Student Protests Continue

3 Dec

The start of this week saw a third wave of student protests across the country, including here in the second city. On Tuesday, around 60 protesters entered Birmingham’s Council House and held a peaceful demonstration against the proposed rise in university tuition fees.

With former deputy leader of the Liberal Democrats, Vince Cable stating earlier this week he may abstain from the vote – despite currently being the minister responsible for universities – the issue now looks more complicated than ever.

The Lib Dems had garnered a lot of student support in the brief pre-election period of Cleggmania (remember that), and while it is debatable what proportion of that was down to their tuition fees pledge, it is certainly an issue which will have lost the party ground with that particular demographic.

One of the major arguments leveled at the proposals, is that it would contravene efforts for social inclusion and create an elitist institution of universities, with poorer students being priced out of attending certain establishments, regardless of their ability. Universities would be able to charge up to £9,000 per year for fees, almost three times the current cap and an increase of almost nine times the amount from the middle of the decade. Another issue, is that any proposed rise would likely see students without the support of wealthy parents graduate with over £20,000 worth of personal debt.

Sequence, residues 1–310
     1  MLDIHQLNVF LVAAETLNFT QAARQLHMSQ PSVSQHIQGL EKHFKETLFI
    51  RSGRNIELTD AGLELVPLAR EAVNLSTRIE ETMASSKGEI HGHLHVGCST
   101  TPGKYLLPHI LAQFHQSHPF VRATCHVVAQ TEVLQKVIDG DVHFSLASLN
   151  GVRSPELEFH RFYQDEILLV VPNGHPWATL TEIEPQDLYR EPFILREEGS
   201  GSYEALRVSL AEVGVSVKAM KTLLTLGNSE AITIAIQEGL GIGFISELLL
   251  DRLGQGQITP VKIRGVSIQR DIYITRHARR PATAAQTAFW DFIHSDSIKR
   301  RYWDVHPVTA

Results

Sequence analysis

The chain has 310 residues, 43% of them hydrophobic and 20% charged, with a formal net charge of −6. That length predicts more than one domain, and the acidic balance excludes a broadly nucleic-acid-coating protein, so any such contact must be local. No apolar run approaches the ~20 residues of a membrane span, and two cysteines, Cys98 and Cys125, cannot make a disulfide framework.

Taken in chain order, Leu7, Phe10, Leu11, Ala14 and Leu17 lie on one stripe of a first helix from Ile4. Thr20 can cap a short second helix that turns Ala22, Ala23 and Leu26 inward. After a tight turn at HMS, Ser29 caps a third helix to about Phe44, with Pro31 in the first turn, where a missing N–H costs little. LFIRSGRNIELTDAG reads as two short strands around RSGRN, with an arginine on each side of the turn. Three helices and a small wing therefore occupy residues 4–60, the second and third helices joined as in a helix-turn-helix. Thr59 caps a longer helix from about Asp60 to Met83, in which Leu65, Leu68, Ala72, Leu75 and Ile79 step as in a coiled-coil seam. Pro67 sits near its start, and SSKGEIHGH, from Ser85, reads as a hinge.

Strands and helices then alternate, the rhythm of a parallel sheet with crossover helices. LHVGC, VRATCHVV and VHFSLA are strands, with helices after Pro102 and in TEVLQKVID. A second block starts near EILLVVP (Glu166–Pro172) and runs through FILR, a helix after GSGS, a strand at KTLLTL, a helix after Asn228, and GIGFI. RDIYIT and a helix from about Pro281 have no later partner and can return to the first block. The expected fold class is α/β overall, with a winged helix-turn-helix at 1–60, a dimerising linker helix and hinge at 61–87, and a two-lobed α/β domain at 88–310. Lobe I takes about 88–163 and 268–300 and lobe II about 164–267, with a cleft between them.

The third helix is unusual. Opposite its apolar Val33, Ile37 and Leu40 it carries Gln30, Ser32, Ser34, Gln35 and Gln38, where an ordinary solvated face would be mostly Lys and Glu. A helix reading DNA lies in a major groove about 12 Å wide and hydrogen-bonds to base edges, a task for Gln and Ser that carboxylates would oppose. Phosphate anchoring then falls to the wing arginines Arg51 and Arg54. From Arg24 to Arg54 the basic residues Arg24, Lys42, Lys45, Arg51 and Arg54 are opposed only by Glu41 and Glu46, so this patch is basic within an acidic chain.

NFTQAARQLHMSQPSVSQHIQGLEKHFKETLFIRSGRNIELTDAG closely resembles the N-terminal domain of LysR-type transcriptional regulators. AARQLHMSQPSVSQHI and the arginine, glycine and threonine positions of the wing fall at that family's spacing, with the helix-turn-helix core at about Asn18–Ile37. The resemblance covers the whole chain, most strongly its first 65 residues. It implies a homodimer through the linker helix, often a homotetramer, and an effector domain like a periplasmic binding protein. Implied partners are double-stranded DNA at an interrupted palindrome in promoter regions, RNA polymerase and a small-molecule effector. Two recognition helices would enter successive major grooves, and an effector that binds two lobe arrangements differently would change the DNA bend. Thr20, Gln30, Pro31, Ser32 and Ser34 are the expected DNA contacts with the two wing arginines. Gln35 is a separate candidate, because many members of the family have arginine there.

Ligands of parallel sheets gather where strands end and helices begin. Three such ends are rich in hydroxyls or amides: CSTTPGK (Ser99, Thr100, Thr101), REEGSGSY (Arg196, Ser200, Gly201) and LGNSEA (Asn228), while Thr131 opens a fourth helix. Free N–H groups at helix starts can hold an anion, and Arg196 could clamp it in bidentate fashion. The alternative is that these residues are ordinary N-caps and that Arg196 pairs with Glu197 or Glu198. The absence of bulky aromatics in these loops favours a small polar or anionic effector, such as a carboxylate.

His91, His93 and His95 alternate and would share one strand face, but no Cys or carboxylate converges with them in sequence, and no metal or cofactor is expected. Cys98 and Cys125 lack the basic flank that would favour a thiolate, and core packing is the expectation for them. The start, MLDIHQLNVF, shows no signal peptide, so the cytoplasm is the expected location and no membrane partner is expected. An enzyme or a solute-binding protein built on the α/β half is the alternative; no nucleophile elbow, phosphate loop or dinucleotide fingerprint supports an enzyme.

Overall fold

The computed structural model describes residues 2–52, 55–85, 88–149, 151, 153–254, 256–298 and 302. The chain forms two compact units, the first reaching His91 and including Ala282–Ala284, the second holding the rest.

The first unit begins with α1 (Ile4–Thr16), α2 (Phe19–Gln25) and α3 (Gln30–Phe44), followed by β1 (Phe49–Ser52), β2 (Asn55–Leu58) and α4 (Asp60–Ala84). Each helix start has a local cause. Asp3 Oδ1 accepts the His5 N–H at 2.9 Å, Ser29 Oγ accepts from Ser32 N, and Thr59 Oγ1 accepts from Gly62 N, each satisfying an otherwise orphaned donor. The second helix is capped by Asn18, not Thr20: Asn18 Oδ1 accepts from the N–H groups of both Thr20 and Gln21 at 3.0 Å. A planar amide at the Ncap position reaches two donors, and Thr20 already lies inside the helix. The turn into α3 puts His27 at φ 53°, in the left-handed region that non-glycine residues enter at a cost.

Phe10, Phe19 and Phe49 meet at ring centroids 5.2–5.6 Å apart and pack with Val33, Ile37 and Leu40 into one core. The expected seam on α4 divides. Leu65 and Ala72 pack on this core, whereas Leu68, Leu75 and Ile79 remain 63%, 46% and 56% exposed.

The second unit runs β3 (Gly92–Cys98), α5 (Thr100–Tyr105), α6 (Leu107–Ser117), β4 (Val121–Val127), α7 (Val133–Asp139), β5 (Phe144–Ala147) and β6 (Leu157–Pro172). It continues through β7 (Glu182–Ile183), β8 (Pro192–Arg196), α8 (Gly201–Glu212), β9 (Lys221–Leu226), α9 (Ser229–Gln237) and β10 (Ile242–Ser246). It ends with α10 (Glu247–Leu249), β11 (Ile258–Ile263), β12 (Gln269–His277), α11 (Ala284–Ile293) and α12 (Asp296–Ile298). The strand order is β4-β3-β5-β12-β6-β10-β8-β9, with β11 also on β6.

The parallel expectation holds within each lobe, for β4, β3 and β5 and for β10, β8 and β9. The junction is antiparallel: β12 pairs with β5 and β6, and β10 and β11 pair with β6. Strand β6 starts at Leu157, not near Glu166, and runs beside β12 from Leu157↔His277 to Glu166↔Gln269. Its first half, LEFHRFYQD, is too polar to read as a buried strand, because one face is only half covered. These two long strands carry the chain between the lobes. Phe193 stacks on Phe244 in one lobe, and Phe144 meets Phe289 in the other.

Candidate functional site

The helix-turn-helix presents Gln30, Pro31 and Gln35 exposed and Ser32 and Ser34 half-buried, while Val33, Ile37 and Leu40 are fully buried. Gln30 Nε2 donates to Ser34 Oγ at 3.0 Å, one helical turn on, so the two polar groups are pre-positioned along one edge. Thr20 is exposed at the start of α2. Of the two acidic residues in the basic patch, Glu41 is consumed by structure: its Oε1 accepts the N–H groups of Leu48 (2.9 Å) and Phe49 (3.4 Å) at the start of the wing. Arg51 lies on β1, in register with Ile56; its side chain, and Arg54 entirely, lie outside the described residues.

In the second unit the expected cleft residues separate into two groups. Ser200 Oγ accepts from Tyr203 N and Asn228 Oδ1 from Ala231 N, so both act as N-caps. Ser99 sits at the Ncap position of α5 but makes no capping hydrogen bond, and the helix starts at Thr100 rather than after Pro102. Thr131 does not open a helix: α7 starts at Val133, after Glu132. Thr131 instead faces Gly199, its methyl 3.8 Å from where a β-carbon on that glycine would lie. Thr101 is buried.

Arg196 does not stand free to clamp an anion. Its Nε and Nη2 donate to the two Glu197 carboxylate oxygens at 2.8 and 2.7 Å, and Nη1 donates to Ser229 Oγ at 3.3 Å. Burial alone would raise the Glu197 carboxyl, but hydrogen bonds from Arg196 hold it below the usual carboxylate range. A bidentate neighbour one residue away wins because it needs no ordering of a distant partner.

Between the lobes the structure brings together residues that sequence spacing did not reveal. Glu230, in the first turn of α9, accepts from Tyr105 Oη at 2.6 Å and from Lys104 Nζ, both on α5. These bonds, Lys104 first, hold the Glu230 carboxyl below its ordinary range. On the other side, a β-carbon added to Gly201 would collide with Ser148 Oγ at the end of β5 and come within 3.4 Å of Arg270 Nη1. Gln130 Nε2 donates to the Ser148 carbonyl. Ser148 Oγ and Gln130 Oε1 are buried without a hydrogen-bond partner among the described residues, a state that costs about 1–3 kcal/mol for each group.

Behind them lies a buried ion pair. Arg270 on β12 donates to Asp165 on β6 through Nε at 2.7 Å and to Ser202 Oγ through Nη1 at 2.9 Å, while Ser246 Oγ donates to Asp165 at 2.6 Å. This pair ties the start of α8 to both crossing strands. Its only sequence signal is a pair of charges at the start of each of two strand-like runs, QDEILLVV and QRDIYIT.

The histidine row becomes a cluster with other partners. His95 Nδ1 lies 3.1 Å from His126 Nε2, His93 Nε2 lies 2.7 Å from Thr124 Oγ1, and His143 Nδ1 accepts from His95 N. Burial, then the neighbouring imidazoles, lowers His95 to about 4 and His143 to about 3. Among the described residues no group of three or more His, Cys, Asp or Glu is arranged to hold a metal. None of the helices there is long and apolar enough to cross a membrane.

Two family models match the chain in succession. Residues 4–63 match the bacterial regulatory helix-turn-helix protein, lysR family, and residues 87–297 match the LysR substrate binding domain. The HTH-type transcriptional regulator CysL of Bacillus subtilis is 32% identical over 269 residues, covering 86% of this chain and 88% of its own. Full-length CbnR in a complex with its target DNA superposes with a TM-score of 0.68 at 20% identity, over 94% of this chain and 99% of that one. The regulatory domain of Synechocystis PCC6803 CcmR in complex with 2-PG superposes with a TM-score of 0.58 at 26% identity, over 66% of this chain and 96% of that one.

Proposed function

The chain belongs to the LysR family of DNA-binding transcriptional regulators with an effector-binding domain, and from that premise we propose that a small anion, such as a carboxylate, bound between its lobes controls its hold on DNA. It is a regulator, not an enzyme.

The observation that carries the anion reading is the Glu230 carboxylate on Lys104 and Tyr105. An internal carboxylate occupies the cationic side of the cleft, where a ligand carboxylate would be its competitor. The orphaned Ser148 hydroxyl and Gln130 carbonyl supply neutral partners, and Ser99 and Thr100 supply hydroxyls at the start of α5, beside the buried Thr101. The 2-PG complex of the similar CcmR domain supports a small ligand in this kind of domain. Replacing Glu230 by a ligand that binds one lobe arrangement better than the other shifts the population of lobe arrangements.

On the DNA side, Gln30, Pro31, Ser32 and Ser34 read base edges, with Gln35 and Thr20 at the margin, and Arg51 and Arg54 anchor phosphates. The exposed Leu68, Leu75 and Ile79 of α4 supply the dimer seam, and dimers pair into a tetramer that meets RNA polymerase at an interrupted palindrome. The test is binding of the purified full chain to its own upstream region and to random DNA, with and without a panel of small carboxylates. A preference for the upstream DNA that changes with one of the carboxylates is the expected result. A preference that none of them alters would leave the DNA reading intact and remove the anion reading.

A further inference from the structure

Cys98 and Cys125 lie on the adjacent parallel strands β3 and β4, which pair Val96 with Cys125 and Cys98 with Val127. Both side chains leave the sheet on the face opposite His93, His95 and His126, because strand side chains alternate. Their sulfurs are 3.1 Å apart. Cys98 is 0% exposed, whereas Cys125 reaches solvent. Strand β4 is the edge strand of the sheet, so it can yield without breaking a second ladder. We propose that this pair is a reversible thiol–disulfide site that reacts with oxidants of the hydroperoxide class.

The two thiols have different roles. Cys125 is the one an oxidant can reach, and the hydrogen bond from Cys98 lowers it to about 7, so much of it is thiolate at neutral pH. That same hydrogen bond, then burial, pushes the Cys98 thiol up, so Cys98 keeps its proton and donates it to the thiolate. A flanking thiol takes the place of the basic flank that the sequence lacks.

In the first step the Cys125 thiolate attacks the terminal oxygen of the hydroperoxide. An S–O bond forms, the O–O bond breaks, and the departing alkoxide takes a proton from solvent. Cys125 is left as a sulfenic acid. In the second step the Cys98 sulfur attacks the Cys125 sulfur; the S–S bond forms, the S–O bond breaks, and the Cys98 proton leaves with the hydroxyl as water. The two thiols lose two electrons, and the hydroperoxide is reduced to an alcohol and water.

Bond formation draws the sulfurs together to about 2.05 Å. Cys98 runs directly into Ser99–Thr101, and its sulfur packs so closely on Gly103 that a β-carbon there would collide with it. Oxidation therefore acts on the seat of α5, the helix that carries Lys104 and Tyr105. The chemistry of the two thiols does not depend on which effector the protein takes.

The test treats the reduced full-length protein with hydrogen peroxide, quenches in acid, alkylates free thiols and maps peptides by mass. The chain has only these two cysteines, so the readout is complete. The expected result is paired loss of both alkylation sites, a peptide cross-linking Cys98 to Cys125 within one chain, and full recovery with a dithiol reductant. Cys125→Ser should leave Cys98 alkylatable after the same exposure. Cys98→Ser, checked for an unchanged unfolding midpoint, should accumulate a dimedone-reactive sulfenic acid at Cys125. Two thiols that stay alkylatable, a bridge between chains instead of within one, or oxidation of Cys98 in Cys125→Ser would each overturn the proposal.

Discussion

Coalition members have stated that Universities charging higher fees would need to prove what steps they are taking to encourage students from poorer backgrounds to attend and have schemes in place to support these students. However regardless of this, it would be difficult to argue that a more obvious hierarchical system would not arise, and that many capable students might prefer to look elsewhere than get the best education available to them at the cost of thousands of pounds of debt.

Comedian Ed Byrne claimed last week on Young Voters Question Time that the proposals were an attempt to enforce a free market economy on the education system, which effectively missed the point of how students actually select their educational institute. After all choosing a university is not (and should not be) like choosing a bottle of ketchup.

Students at Birmingham’s University’s and beyond are sure to join the rest of the country in keeping a keen eye on the developments over the coming weeks and months. It is unclear exactly when the voting will take place but it will be interesting to see how the Lib Dems handle another incident of ‘backtracking’ from their pre-election pledges.

There has been a level of negativity regarding the way in which some have chosen to protest, with one particular incident involving a fire extinguisher getting a lot of attention. While it is fair to say that excessive violence should never be condoned, the media coverage that particular protest and the subsequent Day X protests have drawn has been substantial. This raises the age old question of people’s right to protest, and whether solely peaceful protests truly catch the attention they desire. Those who have been maligned in the media during recent weeks, might find themselves portrayed in a different light if things now go their way.


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